After reading for some time about 2018 indicators improving for Republicans, I thought it made sense to pay more attention to the small ball of particular races as analyzed by the Cook Political report, and wrote up some observations at New York:
In the RealClearPolitics polling averages, the Democratic advantage in the generic congressional ballot (which basically projects, with some accuracy, the national House popular vote) has dropped from 12.5 percent at the beginning of the year to 7.5 percent today. Meanwhile, another important indicator of how things will go in November, the president’s job approval rating, has improved slowly and marginally as well; it’s now at 41.5 percent according to RCP, as opposed to 39.8 percent on January 1.
But if the big-picture indicators are looking a tad better for the GOP, the landscape in terms of individual House races continues to deteriorate as contests firm up. That’s made clear by a fresh analysis from the Cook Political Report, whose House specialist, David Wasserman, is a generally recognized wizard at this stuff. As he explains, a combination of open seats and vulnerable incumbents adds up to a big problem for Republicans under current conditions:
“There are 36 districts where Republicans [are] not running for reelection in 2016, including 12 at serious risk of falling to Democrats (Lean Republican or more vulnerable). Only 18 Democrats are exiting, and just four represent seats at serious risk of falling to the GOP. Additionally, Democrats are competitive in an August 7 special election in Ohio’s 12th CD to replace GOP Rep. Pat Tiberi, who resigned in January.
“If Democrats pick up at least eight Republican open seats (and today, eight of the 36 are leaning their way), they’ll already be a third of the way to the 23 they need for a majority. Beyond those, there are 18 Republican incumbents in the Toss Up column and another 20 in the Lean Republican column —- including five in California, three in Texas and three in Virginia. Private partisan polling continues to show most GOP incumbents in much weaker positions than last cycle — even in districts Trump won.”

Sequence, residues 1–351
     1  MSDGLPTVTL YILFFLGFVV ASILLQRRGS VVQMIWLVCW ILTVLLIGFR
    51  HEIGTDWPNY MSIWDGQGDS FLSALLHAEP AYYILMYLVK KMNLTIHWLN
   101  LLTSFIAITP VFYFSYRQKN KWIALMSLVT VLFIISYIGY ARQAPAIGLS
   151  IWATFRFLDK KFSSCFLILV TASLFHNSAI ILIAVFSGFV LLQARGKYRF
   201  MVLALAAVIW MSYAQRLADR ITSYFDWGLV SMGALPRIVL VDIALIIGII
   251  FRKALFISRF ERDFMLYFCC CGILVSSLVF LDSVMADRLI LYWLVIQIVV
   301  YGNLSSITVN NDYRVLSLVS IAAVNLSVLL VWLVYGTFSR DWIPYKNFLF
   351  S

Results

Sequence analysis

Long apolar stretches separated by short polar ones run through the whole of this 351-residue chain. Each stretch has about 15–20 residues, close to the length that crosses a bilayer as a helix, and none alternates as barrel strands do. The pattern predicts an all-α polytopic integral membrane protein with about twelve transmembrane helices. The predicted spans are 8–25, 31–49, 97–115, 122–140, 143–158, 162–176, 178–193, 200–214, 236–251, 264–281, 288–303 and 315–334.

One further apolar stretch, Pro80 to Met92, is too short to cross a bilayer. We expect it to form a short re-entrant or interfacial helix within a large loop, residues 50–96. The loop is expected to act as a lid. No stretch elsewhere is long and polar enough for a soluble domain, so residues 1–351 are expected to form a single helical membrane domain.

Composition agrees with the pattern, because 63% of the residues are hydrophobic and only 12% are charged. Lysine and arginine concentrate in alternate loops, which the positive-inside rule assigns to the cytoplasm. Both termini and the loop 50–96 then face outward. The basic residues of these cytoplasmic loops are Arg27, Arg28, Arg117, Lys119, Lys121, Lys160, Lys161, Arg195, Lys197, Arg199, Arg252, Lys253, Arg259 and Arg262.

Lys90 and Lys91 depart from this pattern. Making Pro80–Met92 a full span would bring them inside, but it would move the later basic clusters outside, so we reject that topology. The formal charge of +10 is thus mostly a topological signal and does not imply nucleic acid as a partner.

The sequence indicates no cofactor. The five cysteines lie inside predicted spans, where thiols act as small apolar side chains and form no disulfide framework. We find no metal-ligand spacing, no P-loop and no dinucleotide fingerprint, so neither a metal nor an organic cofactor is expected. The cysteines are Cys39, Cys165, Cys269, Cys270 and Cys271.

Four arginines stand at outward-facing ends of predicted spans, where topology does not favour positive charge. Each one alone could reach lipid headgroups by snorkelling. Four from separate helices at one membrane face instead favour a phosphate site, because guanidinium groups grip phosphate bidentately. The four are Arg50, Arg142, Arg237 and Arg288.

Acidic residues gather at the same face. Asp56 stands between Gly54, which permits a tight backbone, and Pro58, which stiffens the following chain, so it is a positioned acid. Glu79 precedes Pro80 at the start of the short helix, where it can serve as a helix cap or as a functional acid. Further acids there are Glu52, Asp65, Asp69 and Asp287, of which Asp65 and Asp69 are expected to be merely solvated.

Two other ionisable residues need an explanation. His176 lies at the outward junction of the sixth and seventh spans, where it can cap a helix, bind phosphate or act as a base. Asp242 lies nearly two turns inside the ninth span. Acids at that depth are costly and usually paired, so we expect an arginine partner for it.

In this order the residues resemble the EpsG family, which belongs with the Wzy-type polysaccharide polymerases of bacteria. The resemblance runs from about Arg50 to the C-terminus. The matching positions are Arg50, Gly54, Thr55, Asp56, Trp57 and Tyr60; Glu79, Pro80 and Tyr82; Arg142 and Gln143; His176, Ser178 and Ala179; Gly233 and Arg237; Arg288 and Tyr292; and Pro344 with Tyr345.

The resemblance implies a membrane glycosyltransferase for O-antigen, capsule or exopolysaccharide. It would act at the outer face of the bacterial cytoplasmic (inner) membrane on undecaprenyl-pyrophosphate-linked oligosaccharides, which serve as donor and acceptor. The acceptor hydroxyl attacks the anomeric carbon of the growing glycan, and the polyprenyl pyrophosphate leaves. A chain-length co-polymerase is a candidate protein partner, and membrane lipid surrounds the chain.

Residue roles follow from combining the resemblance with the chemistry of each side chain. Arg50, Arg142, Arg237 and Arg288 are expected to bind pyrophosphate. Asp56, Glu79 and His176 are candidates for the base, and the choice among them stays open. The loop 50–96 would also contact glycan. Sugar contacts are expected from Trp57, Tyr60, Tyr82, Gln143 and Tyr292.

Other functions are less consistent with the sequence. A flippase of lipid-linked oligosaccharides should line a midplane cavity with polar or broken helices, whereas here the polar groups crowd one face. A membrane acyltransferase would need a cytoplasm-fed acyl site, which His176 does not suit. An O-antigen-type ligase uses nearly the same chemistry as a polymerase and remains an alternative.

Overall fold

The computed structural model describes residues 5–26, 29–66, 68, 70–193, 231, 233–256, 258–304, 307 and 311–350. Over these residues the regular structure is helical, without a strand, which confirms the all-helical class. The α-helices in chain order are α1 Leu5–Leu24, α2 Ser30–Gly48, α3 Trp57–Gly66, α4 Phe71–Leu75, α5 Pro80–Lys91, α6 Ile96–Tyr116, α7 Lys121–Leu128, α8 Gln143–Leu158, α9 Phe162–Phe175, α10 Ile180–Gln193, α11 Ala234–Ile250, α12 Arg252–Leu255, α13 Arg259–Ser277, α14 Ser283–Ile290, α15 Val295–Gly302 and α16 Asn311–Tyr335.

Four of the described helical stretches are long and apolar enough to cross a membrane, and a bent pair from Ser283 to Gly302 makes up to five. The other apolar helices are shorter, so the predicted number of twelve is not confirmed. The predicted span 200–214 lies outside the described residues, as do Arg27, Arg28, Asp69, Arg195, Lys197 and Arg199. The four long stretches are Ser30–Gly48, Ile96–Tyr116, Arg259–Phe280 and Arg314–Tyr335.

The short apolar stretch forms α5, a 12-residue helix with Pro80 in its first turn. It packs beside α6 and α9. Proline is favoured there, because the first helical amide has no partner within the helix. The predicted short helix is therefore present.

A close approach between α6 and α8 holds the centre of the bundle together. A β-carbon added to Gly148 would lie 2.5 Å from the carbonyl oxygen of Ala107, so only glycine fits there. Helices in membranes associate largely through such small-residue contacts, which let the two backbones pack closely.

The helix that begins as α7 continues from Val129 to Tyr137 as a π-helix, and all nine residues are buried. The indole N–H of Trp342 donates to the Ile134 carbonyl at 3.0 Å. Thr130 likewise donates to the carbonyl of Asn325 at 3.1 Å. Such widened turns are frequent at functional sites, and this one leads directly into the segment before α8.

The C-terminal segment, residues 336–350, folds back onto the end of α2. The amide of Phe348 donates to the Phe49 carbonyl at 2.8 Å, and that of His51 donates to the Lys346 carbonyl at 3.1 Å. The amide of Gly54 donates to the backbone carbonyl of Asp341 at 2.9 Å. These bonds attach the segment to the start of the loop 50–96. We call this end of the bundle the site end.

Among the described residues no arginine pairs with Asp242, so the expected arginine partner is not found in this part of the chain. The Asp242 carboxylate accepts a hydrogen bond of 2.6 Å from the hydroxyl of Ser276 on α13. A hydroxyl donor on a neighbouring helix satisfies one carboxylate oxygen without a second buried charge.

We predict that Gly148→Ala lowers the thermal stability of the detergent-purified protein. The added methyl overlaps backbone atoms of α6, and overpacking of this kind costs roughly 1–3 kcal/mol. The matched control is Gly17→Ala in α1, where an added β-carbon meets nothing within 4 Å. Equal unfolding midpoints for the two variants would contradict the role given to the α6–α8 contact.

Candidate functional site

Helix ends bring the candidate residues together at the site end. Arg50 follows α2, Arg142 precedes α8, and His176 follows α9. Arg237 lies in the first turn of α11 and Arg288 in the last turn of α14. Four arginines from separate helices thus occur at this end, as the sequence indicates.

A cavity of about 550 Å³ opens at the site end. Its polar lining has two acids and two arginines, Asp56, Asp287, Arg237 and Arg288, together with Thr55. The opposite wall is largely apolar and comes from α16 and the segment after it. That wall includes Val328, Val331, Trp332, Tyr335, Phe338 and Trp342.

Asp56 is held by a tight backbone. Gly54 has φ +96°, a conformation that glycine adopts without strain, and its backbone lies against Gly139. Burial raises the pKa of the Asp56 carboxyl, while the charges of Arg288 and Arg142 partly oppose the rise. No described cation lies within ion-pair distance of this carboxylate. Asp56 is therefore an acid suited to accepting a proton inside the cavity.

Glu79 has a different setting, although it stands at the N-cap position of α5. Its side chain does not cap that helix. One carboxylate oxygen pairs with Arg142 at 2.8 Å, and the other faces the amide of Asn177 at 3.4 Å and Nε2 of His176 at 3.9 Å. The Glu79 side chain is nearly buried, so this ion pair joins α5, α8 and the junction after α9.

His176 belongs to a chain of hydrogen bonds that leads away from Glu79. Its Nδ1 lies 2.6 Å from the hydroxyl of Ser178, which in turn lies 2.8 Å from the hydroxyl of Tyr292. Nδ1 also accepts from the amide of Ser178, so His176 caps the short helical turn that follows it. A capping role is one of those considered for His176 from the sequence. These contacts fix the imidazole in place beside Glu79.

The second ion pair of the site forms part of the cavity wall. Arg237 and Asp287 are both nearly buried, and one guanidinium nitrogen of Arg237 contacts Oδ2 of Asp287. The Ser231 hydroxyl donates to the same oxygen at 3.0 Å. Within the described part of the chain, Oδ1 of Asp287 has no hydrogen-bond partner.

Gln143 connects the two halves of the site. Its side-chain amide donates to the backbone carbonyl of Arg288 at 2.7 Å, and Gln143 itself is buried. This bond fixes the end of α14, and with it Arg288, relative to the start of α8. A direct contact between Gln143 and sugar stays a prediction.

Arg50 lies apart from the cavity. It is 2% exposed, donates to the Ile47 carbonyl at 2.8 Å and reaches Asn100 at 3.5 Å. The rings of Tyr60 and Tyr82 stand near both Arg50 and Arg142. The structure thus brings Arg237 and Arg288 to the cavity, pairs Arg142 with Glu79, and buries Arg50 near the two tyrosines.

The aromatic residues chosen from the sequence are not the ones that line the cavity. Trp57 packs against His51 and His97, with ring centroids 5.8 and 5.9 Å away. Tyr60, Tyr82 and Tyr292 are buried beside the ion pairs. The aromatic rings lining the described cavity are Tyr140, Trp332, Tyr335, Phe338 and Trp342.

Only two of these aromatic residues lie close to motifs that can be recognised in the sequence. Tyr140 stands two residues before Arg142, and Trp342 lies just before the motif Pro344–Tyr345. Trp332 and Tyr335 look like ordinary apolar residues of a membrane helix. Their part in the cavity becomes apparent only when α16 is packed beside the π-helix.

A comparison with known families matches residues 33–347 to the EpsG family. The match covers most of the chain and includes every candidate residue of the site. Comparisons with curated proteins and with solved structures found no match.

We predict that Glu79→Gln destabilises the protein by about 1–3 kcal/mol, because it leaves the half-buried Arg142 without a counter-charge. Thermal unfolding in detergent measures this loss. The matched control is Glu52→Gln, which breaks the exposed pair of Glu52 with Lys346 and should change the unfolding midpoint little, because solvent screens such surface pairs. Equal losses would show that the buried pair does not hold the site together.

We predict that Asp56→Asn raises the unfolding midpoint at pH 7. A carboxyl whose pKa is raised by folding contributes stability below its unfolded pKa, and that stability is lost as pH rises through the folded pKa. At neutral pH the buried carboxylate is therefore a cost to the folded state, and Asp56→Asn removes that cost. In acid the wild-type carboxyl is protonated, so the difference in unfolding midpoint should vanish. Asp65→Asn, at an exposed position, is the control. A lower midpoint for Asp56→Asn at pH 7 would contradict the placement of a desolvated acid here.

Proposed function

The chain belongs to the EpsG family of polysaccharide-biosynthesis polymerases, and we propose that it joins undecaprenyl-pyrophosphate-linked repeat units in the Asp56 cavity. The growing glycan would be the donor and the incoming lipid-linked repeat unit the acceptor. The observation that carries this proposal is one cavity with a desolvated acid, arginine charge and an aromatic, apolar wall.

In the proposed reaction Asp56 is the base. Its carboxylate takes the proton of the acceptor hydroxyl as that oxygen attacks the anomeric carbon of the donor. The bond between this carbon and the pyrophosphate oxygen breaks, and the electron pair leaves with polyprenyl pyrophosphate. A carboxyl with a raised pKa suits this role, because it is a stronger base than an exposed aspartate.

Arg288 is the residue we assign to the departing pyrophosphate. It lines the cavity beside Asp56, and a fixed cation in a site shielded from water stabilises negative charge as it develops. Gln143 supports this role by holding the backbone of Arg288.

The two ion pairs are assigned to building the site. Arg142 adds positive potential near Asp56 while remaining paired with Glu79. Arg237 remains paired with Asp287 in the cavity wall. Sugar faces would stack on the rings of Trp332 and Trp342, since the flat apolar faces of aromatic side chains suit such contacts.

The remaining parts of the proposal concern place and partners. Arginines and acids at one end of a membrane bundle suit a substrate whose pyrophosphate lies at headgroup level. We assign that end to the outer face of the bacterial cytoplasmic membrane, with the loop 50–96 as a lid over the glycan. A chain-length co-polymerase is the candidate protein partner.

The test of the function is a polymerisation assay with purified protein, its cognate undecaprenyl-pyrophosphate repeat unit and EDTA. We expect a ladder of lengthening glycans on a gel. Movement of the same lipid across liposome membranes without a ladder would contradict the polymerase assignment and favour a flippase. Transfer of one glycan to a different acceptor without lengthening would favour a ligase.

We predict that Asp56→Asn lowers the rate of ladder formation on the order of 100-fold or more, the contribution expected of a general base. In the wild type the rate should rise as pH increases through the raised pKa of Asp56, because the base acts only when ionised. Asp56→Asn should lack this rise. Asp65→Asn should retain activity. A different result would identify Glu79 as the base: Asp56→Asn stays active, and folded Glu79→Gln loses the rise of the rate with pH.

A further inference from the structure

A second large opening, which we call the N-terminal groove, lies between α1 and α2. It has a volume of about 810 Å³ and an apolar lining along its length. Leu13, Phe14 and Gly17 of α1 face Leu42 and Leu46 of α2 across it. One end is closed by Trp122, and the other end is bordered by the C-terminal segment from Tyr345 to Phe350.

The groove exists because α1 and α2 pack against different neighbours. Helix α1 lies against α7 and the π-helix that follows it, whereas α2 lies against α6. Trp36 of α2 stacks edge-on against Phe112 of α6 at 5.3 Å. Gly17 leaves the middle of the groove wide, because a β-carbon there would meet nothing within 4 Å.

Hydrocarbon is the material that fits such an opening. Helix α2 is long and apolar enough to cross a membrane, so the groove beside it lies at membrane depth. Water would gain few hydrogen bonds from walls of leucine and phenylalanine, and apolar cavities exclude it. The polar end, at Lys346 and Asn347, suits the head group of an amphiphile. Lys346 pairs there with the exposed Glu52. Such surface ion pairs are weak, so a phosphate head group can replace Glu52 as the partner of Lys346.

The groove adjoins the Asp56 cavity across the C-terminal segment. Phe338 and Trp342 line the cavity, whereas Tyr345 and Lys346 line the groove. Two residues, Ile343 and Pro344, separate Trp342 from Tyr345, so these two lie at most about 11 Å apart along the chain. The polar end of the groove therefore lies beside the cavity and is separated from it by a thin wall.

Add in the four to six seats in Pennsylvania that Democrats are in a position to pick up after the state’s Supreme Court invalidated a GOP gerrymander, and you can see how strong a foundation has been laid for flipping the House. All in all, the landscape is looking very blue:
“Our latest ratings feature 55 competitive seats (Toss Up or Lean Democratic/Republican), including 50 currently held by Republicans and five held by Democrats. There are also three non-competitive seats poised to switch parties thanks to Pennsylvania’s new map (PA-05 and PA-06 to Democrats, PA-14 to Republicans). Overall, Democrats would need to win 27 of the 55 competitive races to win a majority. We continue to view Democrats the slight favorites for House control.”
That’s a pretty conservative projection since “wave” elections tend to gain momentum as Election Day approaches, with districts originally looking marginally competitive becoming red-hot down the stretch. According to some data Wasserman sent me by email, in 2010, the last really big GOP wave election, Cook showed 38 Democratic districts as having competitive races at the beginning of the cycle. By the end that number had swollen to 91.
And that process seems to be occurring this cycle. In January Cook showed 38 Republican seats as being in competitive races. That number’s up to 50 now, not counting Pennsylvania. The trend continues, with Wasserman moving four seats into the competitive column in his latest forecast.
It’s always possible, of course, that the meta trends as measured by the generic ballot and Trump’s approval ratings will improve enough for the GOP to shift some of the newly vulnerable House seats back into safety while boosting its odds of winning half or more of the barnburners. But at this point such widely discussed pro-GOP factors as gerrymandered districts and incumbency are already baked into the cake. The landscape you see is probably the landscape you’ll get when things get deadly serious in the late summer and fall. And if there’s a tiebreaker, it’s likely to be the Democratic enthusiasm advantage that’s been so apparent in 2017 and 2018 special elections. That matters more in relatively-low-turnout midterms than in presidential cycles.
There are obviously a thousand small factors affecting individual races. We’ll find out in June, for example, whether Republicans have succeeded in “blocking out” Democrats from the general election in several GOP-held districts under California’s top-two system, thanks to there being too many Democratic candidates.
But for the most part, what the GOP most needs right now is a good economy, no international crises, and a stretch of time when the president isn’t dominating the news with threats, scandals, or White House turmoil. They should be so lucky.